Happy 200th, Saturday Evening Post!

Current issue cover. Art by Norman Rockwell.

An American institution marked two centuries on August 4.

I am letting you all know here, in case you missed the announcement.

Readers old enough to remember the Saturday Evening Post may think it died years ago. Not so. 

The once ubiquitous flagship journal of the Curtis Publishing Company was rescued from demise by the Saturday Evening Post Society, a nonprofit group which purchased the magazine in 1982. The Post now appears as six large-format print issues per year, with an impressive circulation of 237,907 (2018). It also manages a thriving Web presence.

“And this is significant, Dear New Favorite Writer, because of . . . exactly, what?”

Mainly, Astute and Forbearing Reader, because of the magazine’s unassailable tradition and the long list of distinguished writers whose works have graced its pages.

Rockwell in 1921. Photo by Underwood and Underwood. Public Domain.

Great Illustrators

Younger readers may recognize the Saturday Evening Post as the locus of a series of cover illustrations which cemented the fame of 20th-century artist Norman Rockwell.

But those full-color covers—52 of them each year—by Rockwell and other great illustrators merely scratch the surface of the Post’s glory. When Your New Favorite Writer was a kid, in the 1950s, the Saturday Evening Post was a major pillar of Main Street America. People from all walks of life read the Post, learned from it, and were endlessly entertained by it. 

Saturday Evening Post Cover of 27 Sep 1924 by Rockwell. Public Domain.

Great Writers and Editors

Each issue held a lively mix of fiction, nonfiction, and features. The Post’s quick response times and generous pay attracted the best writers—Joseph Conrad, O. Henry, Rudyard Kipling, and others. Jack London’s Call of the Wild premiered in the pages of the Saturday Evening Post.

Under a succession of editors—George Horace Lorimer, Wesley Stout, and Ben Hibbs—the magazine reached a peak circulation of over seven million and attracted writers such as Owen Wister, Ring Lardner, William Faulkner, Stephen Viincent Benet, Agatha Christie, and Ray Bradbury. 

A Focus on Fiction

The magazine was particularly known as a great venue for fiction. Not avant-garde fiction, but mainstream fiction. And not just the writings of the greats, but great writing from not-so-well-known authors. 

Movie poster for Warner Brothers film based on Hazlitt’s Alexander Botts stories, starring Joe E. Brown.

As a boy I followed the exploits of Alexander Botts, freewheeling salesman of Earthworm Tractors for the Farmer’s Friend Tractor Company. In a series of stories by William Hazlett Upson, Botts’s odd-ball sales campaigns were chronicled as a stream of frantic memos, letters, and telegrams between the loose cannon Botts and his perplexed home office in Earthworm City, Illinois.

It was, as they say, to larf.

Many young writers got a hand up by selling stories to the Post. Young writers are still doing this today—not to mention a few superannuated novices, such as Your New Favorite Writer. When I began to write fiction as a septuagenarian, I had a few quirky tales about a young boy named Izzy Mahler, growing up in a small town in the 1950s. The Post was kind enough to publish three of them (see herehere, and here), including one which won honorable mention in the magazine’s 2018 Great American Fiction Contest. For this I cannot help being grateful.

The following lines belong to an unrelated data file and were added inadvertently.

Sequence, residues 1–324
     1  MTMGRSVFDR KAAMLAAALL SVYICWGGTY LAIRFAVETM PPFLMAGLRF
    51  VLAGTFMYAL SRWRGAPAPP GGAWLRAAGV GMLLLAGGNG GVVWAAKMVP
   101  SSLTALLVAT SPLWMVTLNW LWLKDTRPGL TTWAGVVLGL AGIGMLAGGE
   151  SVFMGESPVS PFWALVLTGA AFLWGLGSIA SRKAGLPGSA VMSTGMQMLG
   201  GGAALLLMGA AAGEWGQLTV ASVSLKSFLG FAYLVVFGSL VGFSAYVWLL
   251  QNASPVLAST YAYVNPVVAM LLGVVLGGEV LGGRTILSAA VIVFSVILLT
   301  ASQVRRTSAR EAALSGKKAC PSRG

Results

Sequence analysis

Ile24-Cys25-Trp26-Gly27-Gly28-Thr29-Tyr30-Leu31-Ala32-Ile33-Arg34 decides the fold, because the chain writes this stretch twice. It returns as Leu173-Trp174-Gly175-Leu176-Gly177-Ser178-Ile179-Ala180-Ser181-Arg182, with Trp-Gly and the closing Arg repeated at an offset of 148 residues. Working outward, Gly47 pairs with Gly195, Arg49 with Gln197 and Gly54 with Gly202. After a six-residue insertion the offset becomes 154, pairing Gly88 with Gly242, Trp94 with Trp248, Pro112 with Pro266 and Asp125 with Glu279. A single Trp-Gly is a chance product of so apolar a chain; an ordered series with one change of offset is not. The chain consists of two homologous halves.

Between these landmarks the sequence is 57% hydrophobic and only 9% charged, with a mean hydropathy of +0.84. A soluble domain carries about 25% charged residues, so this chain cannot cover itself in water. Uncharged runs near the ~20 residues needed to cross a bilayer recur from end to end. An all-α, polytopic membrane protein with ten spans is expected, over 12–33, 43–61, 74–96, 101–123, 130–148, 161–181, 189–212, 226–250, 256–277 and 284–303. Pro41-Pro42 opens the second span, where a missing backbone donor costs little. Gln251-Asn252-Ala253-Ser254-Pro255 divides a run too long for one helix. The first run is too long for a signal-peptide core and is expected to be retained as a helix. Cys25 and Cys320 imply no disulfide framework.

Rescued from Oblivion

And I was thankful for the far-sighted energy of Indianapolis industrialist Beurt SerVaas, who saved the Post during its distressed days in the 1960s and ’70s. When he acquired the Post, he was primarily interested in its sister publication, Jack and Jill, the well-known children’s magazine. In 1982, he spun the Post off into a nonprofit company, and the magazine began to focus on nonfiction articles about health, medicine, and volunteering—the passions of his wife and business partner, Cory. 

A more recent strategic shift, in 2013, brought the Saturday Evening Post back to its original mission. According to the magazine’s website, it “returned to . . . celebrating America, past, present, and future. Since then, the Post has focused on the elements that have always made it popular: good story telling, fiction, art, and history.”

Storytellers, take note. The Saturday Evening Post is still in business, doing what it has always done best, bringing high-quality mainstream narratives to the American public.

Blessings,

Larry F. Sommers, Your New Favorite Writer

6 thoughts on “Happy 200th, Saturday Evening Post!

  1. Published in the Post! You’re in the big time, Larry. Thanks for reminding me of the magazine. Good memories.

  2. Thanks, Nanci. I can’t wait to read your next Angelina Bonaparte mystery!

  3. Larry, I read every issue of the Post when I was a boy. Even in those days, I knew an author who had been published in the magazine. A few years ago, I was a subscriber. I think this was back in the 1990’s. But I let the subscription lapse, because in those days the magazine had very little content and too many advertisements. Has it become better in recent times? (I mean, other than publishing our New Favorite Writer.)

    • Call me a narcissist, Bob, but–my own stuff being online and not in print–I haven’t read the print version much. My impression, though, is that they are now printing more fiction and fewer of the health-related nonfiction articles. I may be wrong.

  4. I never read the Post though remember the covers and love Norman Rockwell. We did subscribe to Jack and Jill, however, and I still remember some of the lessons I learned from that as a kid.

    • Jack & Jill, like the Post, is still flourishing under the stewardship of the Saturday Evening Post Society, Inc.

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